Re: Pump Control test Franklin
I found a thread from 2008 that matched my situation quite well (http://www.diychatroom.com/f18/pump-...ranklin-21457/).
Basically, my well tripped the breaker last week and then lost pressure again this week (without tripping the breaker). I had power coming in at the well head, so I followed micromind's suggestions in the above post and measured the resistance of my 3-wire pump motor, which read
R to B - 66k ohms
R to Y - 28.3 ohms
B to Y - 70k ohms
According to the thread, this indicated that my pump motor may be bad, so I pulled the pump and measured the resistance at the pump. To my surprise, the readings at the pump read exactly as micromind said a good pump would read
R to B - 34.4 ohms
R to Y - 27.7 ohms
B to Y - 7 ohms
My first question is since I have already pulled the pump, should I go ahead and replace it as well as the wire?
The well is 100 ft. The motor is a Franklin (Model 2143034116 1/3 HP, 3-wire, 230V) with control box (Model 2801054915), the pump is Goulds (Model 7EH03422). Franklin and Goulds are both manufacturers that are reportedly amoung "the best" from my googling.
I believe that they may be quite old as the pump and motor models are no longer available. I've lived here 8 years with no well issues and the Goulds has 76 printed on it in dots, which is the year my house was built.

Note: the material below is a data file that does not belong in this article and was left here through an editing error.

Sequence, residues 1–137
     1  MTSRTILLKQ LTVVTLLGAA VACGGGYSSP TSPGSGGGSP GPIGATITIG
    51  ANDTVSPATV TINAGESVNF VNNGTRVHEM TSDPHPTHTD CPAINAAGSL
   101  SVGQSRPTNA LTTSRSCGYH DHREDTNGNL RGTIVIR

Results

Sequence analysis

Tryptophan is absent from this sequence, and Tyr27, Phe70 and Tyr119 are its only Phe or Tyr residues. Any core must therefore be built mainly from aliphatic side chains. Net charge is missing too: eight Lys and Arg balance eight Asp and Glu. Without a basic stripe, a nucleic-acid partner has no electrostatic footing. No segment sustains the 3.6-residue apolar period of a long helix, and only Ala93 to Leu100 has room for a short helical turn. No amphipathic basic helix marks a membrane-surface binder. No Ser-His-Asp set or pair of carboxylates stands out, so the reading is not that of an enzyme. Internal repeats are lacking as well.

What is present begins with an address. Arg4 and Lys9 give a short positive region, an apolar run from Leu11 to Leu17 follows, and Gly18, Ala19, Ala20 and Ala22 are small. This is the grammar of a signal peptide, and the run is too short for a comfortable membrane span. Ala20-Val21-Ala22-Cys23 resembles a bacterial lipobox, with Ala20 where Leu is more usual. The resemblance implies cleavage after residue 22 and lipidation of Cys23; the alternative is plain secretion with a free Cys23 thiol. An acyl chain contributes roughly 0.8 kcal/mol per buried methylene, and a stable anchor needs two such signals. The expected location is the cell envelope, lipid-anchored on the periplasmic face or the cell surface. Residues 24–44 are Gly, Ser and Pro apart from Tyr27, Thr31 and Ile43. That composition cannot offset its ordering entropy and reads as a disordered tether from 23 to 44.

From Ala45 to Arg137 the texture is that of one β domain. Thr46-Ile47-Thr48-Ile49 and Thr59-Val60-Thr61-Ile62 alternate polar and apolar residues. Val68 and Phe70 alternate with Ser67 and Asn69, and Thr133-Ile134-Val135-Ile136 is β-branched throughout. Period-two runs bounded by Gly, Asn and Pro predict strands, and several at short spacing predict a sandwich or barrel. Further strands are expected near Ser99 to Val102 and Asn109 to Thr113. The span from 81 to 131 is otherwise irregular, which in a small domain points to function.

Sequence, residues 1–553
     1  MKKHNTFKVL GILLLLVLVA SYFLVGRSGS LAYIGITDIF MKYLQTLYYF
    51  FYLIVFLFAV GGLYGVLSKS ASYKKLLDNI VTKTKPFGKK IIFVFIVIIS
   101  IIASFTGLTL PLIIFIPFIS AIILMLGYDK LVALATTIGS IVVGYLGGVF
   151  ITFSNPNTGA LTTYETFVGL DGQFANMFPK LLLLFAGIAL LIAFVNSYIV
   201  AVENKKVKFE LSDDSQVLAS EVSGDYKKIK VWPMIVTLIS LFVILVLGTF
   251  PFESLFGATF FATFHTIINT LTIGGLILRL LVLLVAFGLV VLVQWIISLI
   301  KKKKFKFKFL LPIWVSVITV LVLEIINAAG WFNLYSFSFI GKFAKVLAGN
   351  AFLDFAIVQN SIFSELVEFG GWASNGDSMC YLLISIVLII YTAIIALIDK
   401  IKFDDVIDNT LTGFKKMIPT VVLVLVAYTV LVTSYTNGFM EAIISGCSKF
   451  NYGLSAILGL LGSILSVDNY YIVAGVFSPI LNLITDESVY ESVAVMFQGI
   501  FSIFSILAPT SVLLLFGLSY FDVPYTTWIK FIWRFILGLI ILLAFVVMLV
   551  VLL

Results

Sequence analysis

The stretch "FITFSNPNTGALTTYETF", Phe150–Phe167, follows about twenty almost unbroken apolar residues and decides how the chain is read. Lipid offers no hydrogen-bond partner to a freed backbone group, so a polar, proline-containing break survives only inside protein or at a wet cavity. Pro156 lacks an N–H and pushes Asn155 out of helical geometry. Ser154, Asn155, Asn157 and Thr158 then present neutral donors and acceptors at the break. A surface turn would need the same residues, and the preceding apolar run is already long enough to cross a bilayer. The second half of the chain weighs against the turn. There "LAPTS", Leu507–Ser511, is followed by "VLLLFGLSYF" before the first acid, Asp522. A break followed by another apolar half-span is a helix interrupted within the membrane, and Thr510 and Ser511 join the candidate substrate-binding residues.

My delimma is that if these are 8 - or even 34 years old, but excellent quality should I replace them anyway (with something almost guarenteed to be of inferior quality)? For that matter, should I replace the 100' of PVC pipe while I'm at it?
My second question is how to test everything before dropping it back in the well. Is it ok to run it dry for a second or two?
It depends on how cheap you are, and how lazy you are, and how those two values compare to each other.
Cheap but not lazy: Replace wire, do not replace pump. (since you don't mind pulling the pump again when it fails)
Lazy but not cheap: Replace wire and pump. (you've got the pump out, might as well replace it)
Lazy and Cheap: Replace pump with mechanical pump handle, have kids man the pump.
Neither Lazy nor Cheap: Replace wire and pump, repeat every year.
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